Quantcast

IMRT Reduces Risk Of Side Effects In Breast Cancer Patients

March 29, 2012

Breast cancer patients treated with intensity modulated radiation therapy (IMRT) instead of standard whole breast irradiation (WBI) have a lower incidence of acute or chronic toxicities, according to a study in Practical Radiation Oncology (PRO), the official clinical practice journal of the American Society for Radiation Oncology (ASTRO).

Researchers are constantly conducting studies to determine the most effective breast cancer treatment that also reduces the incidence of potential side effects, including skin inflammation, swelling and infection.

Researchers in this study sought to compare standard WBI to WBI with IMRT (using both a typical treatment time and an accelerated treatment time) in terms of toxicity levels for patients. In a retrospective review, over 300 patients treated with one of the forms of radiation therapy were looked at and it was determined that radiation therapy using IMRT, regardless of the length of treatment, is associated with greatly reduced toxicities compared with the older, more standard radiation therapy technique.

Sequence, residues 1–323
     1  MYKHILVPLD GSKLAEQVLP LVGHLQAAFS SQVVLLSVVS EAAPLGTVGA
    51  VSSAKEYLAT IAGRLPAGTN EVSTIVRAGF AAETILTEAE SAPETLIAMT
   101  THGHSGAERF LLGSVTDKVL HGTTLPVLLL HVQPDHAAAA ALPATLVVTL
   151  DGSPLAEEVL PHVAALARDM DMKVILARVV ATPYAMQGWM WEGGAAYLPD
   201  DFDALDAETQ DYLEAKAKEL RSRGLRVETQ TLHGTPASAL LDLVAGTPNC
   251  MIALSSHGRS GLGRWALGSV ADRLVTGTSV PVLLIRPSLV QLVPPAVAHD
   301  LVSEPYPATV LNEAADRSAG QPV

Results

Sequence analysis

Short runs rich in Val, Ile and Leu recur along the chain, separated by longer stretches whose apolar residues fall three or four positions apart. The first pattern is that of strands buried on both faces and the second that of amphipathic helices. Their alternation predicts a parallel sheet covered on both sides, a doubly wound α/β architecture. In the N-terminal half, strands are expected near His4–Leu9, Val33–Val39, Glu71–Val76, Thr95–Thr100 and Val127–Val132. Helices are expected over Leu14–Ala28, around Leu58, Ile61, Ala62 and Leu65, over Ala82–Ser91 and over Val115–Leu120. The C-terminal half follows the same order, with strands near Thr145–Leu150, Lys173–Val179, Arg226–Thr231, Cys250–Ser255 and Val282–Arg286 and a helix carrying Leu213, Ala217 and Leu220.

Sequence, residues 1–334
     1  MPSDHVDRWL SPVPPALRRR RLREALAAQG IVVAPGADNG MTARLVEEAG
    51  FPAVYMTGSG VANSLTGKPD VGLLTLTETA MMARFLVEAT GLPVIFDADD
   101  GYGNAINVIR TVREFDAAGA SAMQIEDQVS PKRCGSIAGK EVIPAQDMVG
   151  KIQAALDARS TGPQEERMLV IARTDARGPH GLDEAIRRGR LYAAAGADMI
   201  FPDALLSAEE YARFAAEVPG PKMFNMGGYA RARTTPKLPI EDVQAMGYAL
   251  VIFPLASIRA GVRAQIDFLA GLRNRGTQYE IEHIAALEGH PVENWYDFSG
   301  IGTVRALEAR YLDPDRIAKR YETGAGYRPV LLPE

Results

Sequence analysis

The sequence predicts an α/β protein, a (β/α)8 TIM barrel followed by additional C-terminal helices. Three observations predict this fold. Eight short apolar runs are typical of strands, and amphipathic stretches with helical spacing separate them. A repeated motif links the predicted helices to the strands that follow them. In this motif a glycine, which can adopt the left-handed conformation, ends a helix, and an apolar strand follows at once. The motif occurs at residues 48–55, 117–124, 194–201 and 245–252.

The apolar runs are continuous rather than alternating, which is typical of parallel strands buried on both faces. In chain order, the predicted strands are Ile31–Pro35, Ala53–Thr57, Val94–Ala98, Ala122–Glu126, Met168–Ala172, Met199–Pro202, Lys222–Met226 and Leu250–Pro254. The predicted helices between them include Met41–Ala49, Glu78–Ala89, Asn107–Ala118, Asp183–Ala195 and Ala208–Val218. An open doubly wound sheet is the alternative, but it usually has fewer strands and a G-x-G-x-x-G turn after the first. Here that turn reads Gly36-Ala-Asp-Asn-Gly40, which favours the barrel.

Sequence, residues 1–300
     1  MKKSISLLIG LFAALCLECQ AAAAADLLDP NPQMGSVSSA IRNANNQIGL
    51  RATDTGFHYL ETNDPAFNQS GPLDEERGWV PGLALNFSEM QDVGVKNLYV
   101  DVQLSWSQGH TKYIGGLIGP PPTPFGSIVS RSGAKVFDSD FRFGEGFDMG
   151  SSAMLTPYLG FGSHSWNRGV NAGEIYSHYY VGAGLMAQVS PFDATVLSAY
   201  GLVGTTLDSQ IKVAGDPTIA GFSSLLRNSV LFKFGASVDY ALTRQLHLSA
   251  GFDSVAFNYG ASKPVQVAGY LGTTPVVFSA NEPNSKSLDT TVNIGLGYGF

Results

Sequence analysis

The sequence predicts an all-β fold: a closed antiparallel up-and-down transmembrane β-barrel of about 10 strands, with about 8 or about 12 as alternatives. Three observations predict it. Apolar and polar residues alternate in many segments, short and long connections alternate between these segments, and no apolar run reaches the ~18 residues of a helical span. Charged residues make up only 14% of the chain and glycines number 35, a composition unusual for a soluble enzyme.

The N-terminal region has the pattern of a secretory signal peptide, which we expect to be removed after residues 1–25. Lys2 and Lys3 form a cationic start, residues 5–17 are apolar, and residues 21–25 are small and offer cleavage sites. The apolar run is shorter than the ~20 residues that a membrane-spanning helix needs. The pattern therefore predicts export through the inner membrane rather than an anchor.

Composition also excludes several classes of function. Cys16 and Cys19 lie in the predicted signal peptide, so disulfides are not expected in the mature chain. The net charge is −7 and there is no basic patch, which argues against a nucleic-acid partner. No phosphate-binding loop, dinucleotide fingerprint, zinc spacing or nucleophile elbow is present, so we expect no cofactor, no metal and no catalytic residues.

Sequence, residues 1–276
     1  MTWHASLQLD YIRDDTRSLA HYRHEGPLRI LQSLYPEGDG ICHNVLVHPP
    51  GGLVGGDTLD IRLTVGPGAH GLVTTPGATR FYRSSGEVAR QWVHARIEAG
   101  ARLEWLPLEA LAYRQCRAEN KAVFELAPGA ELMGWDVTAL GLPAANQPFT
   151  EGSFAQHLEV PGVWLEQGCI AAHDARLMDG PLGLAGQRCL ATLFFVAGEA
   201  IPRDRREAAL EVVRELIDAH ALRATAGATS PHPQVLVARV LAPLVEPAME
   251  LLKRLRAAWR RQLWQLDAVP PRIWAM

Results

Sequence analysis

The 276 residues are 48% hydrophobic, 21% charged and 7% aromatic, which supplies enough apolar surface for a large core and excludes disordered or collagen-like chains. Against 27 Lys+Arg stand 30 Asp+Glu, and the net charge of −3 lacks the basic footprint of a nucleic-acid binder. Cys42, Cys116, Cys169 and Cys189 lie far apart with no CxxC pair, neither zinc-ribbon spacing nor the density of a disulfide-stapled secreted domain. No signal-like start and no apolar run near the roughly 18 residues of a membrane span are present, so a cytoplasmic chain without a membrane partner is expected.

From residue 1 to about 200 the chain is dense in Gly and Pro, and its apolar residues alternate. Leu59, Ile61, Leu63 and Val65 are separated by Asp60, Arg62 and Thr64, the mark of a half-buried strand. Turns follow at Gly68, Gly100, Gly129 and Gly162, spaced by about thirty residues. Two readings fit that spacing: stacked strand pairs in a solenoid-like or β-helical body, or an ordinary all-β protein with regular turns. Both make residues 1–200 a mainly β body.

A side analysis determined that larger breasted women had higher toxicity levels than smaller breasted women, however they still had reduced toxicities with IMRT over standard radiation, even though these levels were higher than smaller breasted women. This included IMRT with a shorter treatment time; previous trials usually exclude larger breasted women from receiving radiation using an accelerated treatment schedule.

“Our data support the increasing role of IMRT in delivering not only whole breast irradiation but also whole breast irradiation using an accelerated treatment time,” Frank Vicini, MD, a radiation oncologist with Michigan Healthcare Professionals/21st Century Oncology in Farmington Hills, Mich., said. “This is great news for breast cancer patients who, if eligible, can not only receive their radiation treatment in a shorter amount of time but also reduce their risk of many side effects.”

On the Net:




comments powered by Disqus